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  • A Zika Vaccine Could Virtually Eliminate Prenatal Infections

    A Zika vaccine could have a substantial effect on mitigating and preventing future Zika virus outbreaks. Through a combination of direct protection and indirect reduction of transmissions, virtual elimination is achievable, even with imperfect vaccine efficacy and coverage, a new Yale School of Public Health study finds.

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  • Saving lives efficiently across sectors: the need for a Congressional cost-effectiveness committee.

    In the preamble of the United States Constitution, a primary goal of government was established: “to promote the general Welfare”. Upon the opening of budget deliberations for the 115th US Congressional session, we suggest an evidence-based approach for the new Congress in aligning the budget process more closely with this national goal. In particular, we underscore the efficiency of the US public health sector in promoting societal welfare, and reveal a relative underinvestment in public health compared with other sectors.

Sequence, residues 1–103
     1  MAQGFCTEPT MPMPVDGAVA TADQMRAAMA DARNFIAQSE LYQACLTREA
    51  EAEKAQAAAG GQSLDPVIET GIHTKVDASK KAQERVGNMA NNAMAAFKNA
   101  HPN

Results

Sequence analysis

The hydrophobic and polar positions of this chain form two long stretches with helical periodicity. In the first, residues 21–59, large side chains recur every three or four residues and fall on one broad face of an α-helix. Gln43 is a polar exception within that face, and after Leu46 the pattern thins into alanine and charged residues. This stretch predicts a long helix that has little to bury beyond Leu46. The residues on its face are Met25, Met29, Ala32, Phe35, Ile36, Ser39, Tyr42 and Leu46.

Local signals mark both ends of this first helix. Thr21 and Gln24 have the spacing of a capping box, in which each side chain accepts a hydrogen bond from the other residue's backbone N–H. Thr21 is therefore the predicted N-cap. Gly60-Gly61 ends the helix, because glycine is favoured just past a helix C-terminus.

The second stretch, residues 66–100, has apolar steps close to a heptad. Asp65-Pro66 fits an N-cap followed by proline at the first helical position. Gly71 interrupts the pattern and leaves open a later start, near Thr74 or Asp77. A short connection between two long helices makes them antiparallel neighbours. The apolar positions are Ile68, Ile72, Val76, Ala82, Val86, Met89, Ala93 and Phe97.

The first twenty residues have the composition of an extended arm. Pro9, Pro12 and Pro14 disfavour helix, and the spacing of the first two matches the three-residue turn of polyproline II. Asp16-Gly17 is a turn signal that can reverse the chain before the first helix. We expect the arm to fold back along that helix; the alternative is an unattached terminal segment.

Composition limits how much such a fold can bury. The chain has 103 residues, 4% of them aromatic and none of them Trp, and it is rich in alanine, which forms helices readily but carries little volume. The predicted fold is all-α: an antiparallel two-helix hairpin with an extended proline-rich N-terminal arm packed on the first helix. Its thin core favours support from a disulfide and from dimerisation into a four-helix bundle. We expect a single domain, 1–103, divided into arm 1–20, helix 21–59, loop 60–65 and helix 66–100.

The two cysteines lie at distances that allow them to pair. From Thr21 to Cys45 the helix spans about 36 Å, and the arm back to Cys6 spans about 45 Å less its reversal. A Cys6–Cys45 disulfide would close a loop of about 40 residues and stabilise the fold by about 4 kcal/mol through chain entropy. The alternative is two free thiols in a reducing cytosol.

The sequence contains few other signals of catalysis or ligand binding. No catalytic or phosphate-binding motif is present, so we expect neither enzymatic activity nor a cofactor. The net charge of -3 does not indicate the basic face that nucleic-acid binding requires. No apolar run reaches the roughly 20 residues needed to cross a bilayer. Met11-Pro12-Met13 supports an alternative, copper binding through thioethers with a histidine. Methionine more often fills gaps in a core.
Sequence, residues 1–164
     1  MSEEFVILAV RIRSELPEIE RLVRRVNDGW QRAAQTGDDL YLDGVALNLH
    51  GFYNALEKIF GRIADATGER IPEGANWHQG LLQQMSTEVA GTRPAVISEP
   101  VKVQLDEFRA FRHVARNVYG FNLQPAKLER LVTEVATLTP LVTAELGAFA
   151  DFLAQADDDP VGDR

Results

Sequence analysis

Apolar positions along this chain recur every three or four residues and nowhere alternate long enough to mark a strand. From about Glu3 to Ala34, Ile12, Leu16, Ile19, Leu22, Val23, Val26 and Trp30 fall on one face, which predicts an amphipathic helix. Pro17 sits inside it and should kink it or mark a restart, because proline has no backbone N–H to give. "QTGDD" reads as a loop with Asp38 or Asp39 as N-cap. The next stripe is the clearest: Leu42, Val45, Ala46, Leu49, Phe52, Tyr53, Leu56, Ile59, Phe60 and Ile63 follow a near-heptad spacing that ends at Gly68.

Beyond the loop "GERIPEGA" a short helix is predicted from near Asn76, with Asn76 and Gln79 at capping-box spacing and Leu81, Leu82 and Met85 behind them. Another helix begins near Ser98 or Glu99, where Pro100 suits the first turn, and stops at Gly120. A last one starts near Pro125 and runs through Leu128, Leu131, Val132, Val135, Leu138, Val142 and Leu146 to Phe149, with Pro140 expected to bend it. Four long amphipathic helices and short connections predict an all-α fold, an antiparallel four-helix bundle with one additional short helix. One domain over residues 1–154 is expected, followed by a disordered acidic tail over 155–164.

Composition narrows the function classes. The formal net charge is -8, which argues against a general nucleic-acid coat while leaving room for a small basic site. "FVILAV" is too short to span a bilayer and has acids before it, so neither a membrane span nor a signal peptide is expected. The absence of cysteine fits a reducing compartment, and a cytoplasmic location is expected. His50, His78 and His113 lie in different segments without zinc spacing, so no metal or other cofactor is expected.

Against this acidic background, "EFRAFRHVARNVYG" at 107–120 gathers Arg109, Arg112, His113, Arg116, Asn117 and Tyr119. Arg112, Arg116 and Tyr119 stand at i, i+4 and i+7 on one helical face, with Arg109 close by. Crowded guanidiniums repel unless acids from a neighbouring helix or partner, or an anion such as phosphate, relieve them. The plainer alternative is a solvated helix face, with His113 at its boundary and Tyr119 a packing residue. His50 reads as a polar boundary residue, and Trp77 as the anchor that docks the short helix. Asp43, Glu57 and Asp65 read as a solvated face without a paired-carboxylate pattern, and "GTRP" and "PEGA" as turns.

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  • Fund global health: Save lives and money

    The White House budget, in both its 16 March and 23 May iterations, calls for substantial cuts to science and research. The Fogarty International Center of the National Institutes of Health is one of the many programs on the chopping block. Closing Fogarty, which has served as the cornerstone of the American strategy to promote global health, would be a mistake.

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  • Millions of New HIV Infections Can be Averted, YSPH Model Predicts

    Though there have been extraordinary advances in HIV/AIDS treatment in the past several years, the disease remains a serious health concern worldwide. Promising developments in HIV vaccines are occurring all the time, but their potential long-term impact is still unknown. Using a novel mathematical model, a team at the Yale School of Public Health predicts that vaccines used in concert with other interventions have the potential to avert several million cases of the disease in the coming years.

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